When I got home for lunch today, I was unfortunately not surprised to find that our high speed internet connection was dead once again. It typically goes dead during the day, a fine example of the quality service from Adelphia Communications, the local bankrupt cable provider in our area.
I called their tech support number, on my cell phone which I thankfully have not canceled as of yet, though I do intend on doing so, and reached their automation hell. I was prompted to enter my ten digit phone number and then select from the 65 or so options as to what my problem was. After jumping through several menus and numerous hoops, their system bonked some touch tones in my ear, apparently in an effort to transfer me to a human. I reached friendly Dave, who the inquired as to my home telephone number (which I had already punched in), my address, my account number (let me check the tattoo on my ass for that one) and my social security number. Asking me for my social security number always makes me bristle. I mean, what does my internet connection have to do with the benefits I’ll receive or my tax return? Is that number suppose to be a guarded number and not thrown about like something trivial like one’s net worth or age? Dave demanded the social security number so that they knew they were talking to the right person in the interest of security. I gave him the last four digits and told him that I strongly object to this method of confirming one’s identity. I highly recommended that everyone make the same amount of noise when it comes to your social security number; no one except select organizations in the federal government should care about your social security number. Everyone screams about a National ID card and then gives out their social security number to just about anyone. It’s just wrong.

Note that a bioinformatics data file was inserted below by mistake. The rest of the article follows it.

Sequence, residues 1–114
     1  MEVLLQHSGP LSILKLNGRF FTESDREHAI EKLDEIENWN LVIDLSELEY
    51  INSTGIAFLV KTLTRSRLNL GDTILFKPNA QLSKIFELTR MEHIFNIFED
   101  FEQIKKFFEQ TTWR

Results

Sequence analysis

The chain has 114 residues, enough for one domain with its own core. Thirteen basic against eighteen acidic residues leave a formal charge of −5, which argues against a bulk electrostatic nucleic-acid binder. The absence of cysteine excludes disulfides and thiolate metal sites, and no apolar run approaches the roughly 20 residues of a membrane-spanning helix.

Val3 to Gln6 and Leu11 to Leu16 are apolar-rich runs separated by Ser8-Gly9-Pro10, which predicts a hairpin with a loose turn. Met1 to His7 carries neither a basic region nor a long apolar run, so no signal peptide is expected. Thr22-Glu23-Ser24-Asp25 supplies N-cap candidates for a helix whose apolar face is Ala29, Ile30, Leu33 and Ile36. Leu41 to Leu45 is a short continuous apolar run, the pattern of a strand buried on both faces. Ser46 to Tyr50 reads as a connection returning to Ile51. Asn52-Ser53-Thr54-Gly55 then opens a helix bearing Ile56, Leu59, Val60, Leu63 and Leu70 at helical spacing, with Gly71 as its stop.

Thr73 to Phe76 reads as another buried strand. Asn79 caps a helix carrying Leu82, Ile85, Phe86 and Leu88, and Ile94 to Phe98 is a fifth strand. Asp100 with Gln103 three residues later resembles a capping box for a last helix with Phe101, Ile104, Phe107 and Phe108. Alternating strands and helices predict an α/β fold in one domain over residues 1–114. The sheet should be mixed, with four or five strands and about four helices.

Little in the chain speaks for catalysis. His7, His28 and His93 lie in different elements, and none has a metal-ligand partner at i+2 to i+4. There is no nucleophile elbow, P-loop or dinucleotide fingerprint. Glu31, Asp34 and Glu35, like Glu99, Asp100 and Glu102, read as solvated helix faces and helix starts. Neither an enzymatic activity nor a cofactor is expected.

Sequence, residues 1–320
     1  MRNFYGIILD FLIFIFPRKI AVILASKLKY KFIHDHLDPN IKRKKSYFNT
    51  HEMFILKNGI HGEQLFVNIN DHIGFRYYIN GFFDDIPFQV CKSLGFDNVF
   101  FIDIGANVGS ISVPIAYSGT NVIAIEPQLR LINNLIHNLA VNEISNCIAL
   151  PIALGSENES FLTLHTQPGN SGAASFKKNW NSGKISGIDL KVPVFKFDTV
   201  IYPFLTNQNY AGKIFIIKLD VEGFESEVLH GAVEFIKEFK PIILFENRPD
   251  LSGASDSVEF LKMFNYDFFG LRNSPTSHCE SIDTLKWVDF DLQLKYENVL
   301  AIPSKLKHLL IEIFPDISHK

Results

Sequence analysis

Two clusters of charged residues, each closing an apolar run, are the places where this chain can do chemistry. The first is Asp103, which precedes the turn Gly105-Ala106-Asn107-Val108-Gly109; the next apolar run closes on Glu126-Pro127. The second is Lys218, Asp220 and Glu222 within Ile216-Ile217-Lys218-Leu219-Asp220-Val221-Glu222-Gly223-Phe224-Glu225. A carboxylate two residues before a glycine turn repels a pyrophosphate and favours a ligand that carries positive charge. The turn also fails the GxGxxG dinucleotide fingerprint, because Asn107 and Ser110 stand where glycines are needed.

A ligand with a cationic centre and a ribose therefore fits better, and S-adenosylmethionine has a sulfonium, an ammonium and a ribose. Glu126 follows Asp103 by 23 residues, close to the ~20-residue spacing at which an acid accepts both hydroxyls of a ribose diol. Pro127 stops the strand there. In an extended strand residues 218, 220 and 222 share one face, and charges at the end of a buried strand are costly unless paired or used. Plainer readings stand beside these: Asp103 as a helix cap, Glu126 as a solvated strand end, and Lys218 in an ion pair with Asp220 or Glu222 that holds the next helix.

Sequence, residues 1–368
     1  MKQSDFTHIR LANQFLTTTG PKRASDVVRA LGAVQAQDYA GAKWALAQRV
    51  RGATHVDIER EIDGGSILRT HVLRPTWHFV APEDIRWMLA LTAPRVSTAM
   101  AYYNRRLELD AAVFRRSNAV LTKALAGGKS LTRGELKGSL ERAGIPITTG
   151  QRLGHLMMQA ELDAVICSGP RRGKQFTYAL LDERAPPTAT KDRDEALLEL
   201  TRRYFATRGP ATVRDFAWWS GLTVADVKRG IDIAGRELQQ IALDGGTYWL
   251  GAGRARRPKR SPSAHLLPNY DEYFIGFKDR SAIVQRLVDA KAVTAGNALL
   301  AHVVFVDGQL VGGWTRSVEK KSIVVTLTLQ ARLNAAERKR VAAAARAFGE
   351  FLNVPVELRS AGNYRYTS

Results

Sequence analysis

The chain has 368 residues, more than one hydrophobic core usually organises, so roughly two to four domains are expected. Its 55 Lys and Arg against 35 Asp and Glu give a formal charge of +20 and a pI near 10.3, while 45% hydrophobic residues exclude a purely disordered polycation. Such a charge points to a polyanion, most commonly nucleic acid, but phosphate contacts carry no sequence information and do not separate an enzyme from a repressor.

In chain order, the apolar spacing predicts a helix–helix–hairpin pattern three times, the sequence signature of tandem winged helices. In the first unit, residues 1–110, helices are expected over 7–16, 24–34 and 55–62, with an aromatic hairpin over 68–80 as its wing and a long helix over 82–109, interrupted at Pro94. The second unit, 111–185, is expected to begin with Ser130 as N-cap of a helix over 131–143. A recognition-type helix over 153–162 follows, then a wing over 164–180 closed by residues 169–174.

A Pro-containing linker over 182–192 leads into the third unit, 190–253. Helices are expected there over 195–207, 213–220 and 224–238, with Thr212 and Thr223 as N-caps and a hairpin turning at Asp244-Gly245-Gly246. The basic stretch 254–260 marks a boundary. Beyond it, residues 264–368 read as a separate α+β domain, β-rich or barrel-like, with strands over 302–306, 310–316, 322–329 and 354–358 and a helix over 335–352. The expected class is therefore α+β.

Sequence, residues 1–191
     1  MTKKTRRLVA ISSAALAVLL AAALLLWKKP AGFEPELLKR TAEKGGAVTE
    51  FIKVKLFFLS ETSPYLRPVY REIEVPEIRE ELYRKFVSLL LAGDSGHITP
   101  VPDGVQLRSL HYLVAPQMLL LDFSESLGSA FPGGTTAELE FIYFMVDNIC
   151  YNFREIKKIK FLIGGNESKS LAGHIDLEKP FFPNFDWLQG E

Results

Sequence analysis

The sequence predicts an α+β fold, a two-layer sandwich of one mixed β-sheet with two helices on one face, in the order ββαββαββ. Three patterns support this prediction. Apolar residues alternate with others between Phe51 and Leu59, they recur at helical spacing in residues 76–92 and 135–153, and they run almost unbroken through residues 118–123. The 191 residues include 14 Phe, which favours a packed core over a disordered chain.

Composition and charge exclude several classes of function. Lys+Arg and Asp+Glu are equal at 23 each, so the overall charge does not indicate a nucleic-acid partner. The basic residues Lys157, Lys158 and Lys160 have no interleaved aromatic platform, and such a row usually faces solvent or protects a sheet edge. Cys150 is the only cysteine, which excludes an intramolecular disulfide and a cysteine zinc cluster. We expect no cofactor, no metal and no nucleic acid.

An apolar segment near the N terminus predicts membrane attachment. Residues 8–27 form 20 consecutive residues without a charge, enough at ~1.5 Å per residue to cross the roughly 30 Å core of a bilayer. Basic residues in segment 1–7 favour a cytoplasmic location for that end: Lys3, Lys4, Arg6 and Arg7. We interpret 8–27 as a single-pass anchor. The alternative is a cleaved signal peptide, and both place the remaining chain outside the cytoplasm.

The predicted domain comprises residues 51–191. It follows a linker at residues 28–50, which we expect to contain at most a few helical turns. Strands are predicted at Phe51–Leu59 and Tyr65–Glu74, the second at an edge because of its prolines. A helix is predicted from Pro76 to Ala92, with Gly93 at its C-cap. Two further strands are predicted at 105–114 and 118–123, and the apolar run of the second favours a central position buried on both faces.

Anyways, Dave pittered and pattered on a keyboard within his reach while my modem was unplugged and ran some diagnostics. He couldn’t see my end of the circuit. I resisted the urge to say “No shit, Jiffy-Pop, the modem is unplugged.” but instead I went along with his script. He needs to send a technician out to the house. On Thursday. Between 1 and 3 p.m.
This is not good. I’m on call this week and I rely on a working internet connection. Dave didn’t care. I have to be here at the house on Thursday between 1 and 3 p.m. Yeah, yeah, whatever. I’ll leave a love note for the Adelphia tech to get a clue.